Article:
12. The use of a substance as claimed in any of claims 1 to 6 or a mixture thereof as cosurfactant.

13. A household detergent, household cleaner, body-cleansing composition or bodycare composition comprising at least one compound as claimed in any of claims 1 to 6.

14. A detergent as claimed in claim 13 in solid, liquid, gel or paste form, preferably in the form of a powder, compact, granulate, tablet or gel.

15. A detergent as claimed in claim 13 or 14 comprising 0.1 to 40% by weight, in particular 0.5 to 30% by weight, very particularly 1 to 20% by weight, based on the total amount of the formulation, of at least one compound as claimed in any of claims 1 to 6.

16. A household cleaner as claimed in claim 13 in liquid, gel, or solid form, preferably in the form of a liquid, gel, powder or compact.

17. A household cleaner as claimed in claim 16 in the form of a hand dishwashing detergent, machine dishwashing detergent, metal degreaser, glass cleaner, floor cleaner, all-purpose cleaner, high-pressure cleaner, alkaline cleaner, acidic cleaner, spray degreaser, dairy cleaner, upholstery cleaner, plastics cleaner and bath cleaner.

18. A household cleaner as claimed in claim 16 or 17 comprising 0.01 to 40% by weight, preferably 0.1 to 25% by weight, based on the overall formulation, of at least one substance as claimed in any of claims 1 to 5.

19. A body-cleansing composition or bodycare composition in the form of a shampoo, shower gel or bath gel, shower lotion or bath lotion, a lipstick, a cosmetic formulation with care and/or conditioning properties or a styling product, in particular a liquid soap, a care cream, a hair foam, hair gel, hairspray or after-treatment composition, a hair tonic, a lotion, treatment rinse, treatment pack, split-end fluid, hair repair composition, “hot oil treatments”, hair-setting composition, hair colorant or permanent waving composition.

Description:

The present invention relates to condensation products of aldehydes with alcohols which have at least one other function from the group of hydroxyl, diol, amino and carboxyl functions.

Surfactants are so-called amphiphilic molecules which have a hydrophobic moiety and a hydrophilic moiety in their molecular structure. As a result of this property, surfactants are able to form interfacial films and so-called micelles. These are aggregates of surfactants which form in aqueous solutions and can assume various forms (spheres, rods, disks). Micelles form above a certain concentration, the so-called critical micelle formation concentration (CMC). In addition, amphiphilic molecules have the property of forming interfacial films between hydrophobic and hydrophilic phases and thus, for example, having an emulsifying or foaming action.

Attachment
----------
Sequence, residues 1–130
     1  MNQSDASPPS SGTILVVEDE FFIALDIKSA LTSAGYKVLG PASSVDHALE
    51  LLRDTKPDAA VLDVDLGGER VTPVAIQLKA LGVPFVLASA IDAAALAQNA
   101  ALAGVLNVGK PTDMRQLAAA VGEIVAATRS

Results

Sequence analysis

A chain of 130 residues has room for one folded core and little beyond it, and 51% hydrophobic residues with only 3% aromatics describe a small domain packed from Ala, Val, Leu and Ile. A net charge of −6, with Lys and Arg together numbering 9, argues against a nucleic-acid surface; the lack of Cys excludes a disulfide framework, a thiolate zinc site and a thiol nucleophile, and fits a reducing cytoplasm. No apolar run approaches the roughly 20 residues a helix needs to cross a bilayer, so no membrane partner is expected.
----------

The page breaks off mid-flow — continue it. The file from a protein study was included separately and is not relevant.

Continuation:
Cosurfactants likewise have amphiphilic properties, although these are insufficient for being able to form micelles and interfacial films on their own. However, they are intercalated between the surfactants and bring about an increase in the packing density of the amphiphiles (surfactants and cosurfactants) in the structures formed thereby, such as micelles or interfaces. As a result, not only are the critical micelle formation concentration and the surface tension reduced, but also the interfacial tension between the aqueous surfactant solution and nonpolar substances such as, for example, oils, meaning that the absorption capacity of the surfactant system for these substances increases to the point of the formation of microemulsions. This results in a high solubilizing and emulsifying power, a higher cleaning capacity, and an increased stability of the emulsions and foams. If cosurfactants are used, micelles can be formed at a significantly lower surfactant concentration.